If vulnerable or valuable areas of the operation are in particular danger, consider plowing a firebreak in anticipation of fire. There may not be time to construct firebreaks during a fire and preemptive firebreaks may be the best option.

Mowing strips of tall vegetation will make for strategic firebreaks as well. These areas will be even more effective if they are wetted at the time they are threatened by fire and can serve as a wet line. Also consider mowing or grazing areas with heavy or unutilized vegetation such as land with little historical use or around buildings.

Firebreaks should be at least 20-50 feet wide. Firebreaks may need to be wider depending on the fuel type and slope, and up to 100 feet wide in windy or steep areas. Especially consider building firebreaks around the following areas:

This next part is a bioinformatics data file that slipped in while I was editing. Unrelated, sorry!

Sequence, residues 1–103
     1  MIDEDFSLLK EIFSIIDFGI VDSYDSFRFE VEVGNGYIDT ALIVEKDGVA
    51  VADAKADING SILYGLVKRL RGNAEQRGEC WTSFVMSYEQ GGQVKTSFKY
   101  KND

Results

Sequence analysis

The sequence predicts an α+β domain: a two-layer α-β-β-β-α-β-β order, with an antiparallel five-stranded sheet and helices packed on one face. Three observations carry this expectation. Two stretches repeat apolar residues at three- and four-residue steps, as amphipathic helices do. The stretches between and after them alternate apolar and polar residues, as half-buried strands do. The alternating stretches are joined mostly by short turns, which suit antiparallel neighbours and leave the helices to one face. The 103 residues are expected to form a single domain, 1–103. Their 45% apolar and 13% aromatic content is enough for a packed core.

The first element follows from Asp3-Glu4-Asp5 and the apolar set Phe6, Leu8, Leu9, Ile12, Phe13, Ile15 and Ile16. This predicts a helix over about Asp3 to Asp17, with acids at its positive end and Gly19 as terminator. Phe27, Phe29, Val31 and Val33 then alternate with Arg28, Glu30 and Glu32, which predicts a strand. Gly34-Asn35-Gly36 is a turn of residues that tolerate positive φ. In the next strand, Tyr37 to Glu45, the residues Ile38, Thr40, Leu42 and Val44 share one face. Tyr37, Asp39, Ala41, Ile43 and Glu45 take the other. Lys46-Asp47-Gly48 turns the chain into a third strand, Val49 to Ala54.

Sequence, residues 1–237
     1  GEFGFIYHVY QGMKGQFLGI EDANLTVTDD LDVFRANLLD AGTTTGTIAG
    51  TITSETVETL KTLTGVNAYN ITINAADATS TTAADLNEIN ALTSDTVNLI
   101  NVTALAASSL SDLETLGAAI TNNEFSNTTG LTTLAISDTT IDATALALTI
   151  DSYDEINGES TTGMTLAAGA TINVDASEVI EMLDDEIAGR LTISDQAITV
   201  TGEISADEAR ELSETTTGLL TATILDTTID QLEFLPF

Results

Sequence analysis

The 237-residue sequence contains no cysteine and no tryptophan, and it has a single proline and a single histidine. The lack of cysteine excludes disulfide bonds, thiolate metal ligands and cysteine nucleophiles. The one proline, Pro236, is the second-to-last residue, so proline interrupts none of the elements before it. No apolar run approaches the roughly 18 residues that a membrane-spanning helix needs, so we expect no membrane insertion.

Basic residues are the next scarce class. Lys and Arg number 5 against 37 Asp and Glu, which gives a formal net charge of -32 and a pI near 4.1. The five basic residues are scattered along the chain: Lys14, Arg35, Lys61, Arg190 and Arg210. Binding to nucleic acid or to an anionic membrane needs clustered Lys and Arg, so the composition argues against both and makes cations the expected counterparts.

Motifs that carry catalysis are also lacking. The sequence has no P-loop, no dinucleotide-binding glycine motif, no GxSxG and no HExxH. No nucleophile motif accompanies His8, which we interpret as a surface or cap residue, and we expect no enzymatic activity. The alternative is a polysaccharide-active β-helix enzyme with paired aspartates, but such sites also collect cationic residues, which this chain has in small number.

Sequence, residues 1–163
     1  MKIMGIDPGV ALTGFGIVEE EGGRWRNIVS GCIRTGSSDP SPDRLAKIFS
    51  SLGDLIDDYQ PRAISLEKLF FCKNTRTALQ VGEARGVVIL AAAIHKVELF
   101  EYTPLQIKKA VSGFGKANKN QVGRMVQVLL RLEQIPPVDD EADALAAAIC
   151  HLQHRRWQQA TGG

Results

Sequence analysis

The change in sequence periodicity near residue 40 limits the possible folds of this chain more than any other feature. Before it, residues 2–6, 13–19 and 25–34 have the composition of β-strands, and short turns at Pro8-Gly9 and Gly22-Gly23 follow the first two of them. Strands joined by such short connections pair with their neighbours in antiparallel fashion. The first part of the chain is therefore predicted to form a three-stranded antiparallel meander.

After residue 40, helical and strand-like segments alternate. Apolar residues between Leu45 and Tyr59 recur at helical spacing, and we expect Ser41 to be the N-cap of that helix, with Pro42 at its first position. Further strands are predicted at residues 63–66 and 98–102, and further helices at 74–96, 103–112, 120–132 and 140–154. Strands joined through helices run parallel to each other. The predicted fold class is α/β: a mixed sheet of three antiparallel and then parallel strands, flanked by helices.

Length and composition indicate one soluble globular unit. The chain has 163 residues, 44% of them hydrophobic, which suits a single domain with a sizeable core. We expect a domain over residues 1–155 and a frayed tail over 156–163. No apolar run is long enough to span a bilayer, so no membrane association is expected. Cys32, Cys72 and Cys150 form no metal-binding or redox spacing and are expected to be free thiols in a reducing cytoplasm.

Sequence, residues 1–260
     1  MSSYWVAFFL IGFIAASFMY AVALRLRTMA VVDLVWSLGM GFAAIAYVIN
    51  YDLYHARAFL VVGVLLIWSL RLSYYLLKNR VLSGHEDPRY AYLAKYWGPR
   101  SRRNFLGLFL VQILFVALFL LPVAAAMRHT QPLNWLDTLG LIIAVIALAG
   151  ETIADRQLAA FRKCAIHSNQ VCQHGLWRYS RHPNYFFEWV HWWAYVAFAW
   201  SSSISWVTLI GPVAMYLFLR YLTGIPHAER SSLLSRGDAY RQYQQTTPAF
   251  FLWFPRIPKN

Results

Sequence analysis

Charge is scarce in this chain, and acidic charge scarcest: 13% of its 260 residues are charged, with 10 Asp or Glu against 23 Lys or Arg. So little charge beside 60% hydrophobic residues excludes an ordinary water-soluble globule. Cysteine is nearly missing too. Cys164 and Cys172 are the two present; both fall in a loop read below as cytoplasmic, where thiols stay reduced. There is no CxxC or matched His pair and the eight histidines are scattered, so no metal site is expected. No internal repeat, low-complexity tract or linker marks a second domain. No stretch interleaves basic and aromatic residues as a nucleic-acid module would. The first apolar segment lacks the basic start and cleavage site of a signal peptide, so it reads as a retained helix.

• Hay storage areas
  • Outbuildings or other vulnerable headquarters areas
  • Equipment
  • Property boundaries as determined appropriate
Additional Water Supplies

When considering water supplies, think about water sources, water holding capacity, and the ability of fire fighting personnel to access the water using necessary equipment.

  • Storage tanks for livestock watering system can provide additional water
  • Install fittings on wells and retrofit irrigation pumps to make them accessible to fire department equipment
  • Locate available hydrants and make them accessible to fire department equipment
  • Install dry hydrants

CRP Options